13 A. I've only got half of hour at the moment.

14 Q. It's that half that I'd like to discuss with you, but you're

15 welcome to take the original and look at both of them simultaneously if

16 you would like.

17 A. Thank you very much.

18 Q. Did you get a chance to look at that?

19 A. Yep.

20 Q. With respect to paragraph number 4, who from the United Nations

21 was providing or was -- let me strike that and let me repeat it. From

22 whom in particular was the United Nations representative obtaining the

23 information that's reflected on paragraph number 4?

24 A. To be perfectly honest, I'm not sure. The J2 cell at BHC may have

25 been providing some of it.

Page 16378

1 Q. That's Paul again, right?

2 A. Yeah, if that's the right man. Some may have been coming through

3 that. Again it's coming up through the civilian chain not the military

4 chain, so they may have been looking at other sources.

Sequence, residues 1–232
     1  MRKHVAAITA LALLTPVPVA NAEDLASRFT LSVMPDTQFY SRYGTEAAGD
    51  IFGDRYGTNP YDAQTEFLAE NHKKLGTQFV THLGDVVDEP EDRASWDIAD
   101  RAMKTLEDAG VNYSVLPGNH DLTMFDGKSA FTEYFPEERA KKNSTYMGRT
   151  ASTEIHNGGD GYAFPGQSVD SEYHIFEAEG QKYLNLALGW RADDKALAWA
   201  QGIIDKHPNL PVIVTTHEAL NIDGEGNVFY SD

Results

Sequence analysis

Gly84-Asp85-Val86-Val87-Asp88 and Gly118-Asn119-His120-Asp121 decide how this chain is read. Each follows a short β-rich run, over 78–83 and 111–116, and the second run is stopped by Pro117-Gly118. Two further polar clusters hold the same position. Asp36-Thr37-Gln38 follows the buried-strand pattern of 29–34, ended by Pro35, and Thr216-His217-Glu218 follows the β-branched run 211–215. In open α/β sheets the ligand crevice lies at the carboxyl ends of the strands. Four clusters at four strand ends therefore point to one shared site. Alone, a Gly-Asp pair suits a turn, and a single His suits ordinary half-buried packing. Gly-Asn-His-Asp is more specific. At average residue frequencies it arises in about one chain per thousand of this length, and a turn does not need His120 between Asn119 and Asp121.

5 Q. Okay. Well look at the third sentence which is in the third line,

6 doesn't it really indicate that it's a civilian source versus military

7 when it starts the sentence by saying, "ABiH 2nd Corps report"? That

8 seems to be more of a military source, doesn't it?

9 A. It appears to be, but you also have to understand that everybody

10 there was living this environment as you guys are living this particular

11 case, and it wouldn't surprise me particularly if civilians were aware of

12 which battalion was where. There are a lot of bright people out there.

13 Q. There is no doubt about that, but what I'm wanting to actually

14 obtain from you is, and if you don't know just tell us, would you know who

15 the one individual who was with the ABiH 2nd Corps who would have been

16 providing this information to the United Nations representatives?

17 A. No, I don't.

18 Q. Okay. Do you know if these numbers could have been inflated or

19 underrepresentative of what was really coming through?

20 A. I'd say certainly they -- it's possible, yes.

21 Q. Either way it's possible, correct?

22 A. Yep.

23 Q. And it's probable that it was depending on whether you had any

24 political motivation to dictate other policies with respect to the ongoing

25 war, wouldn't it? It's something that happened at that time, wouldn't you

Page 16379

1 agree?

2 A. Looking at the previous document of mine casualties, I would say

3 that figure was inflated. But it's possible but I would be speculating.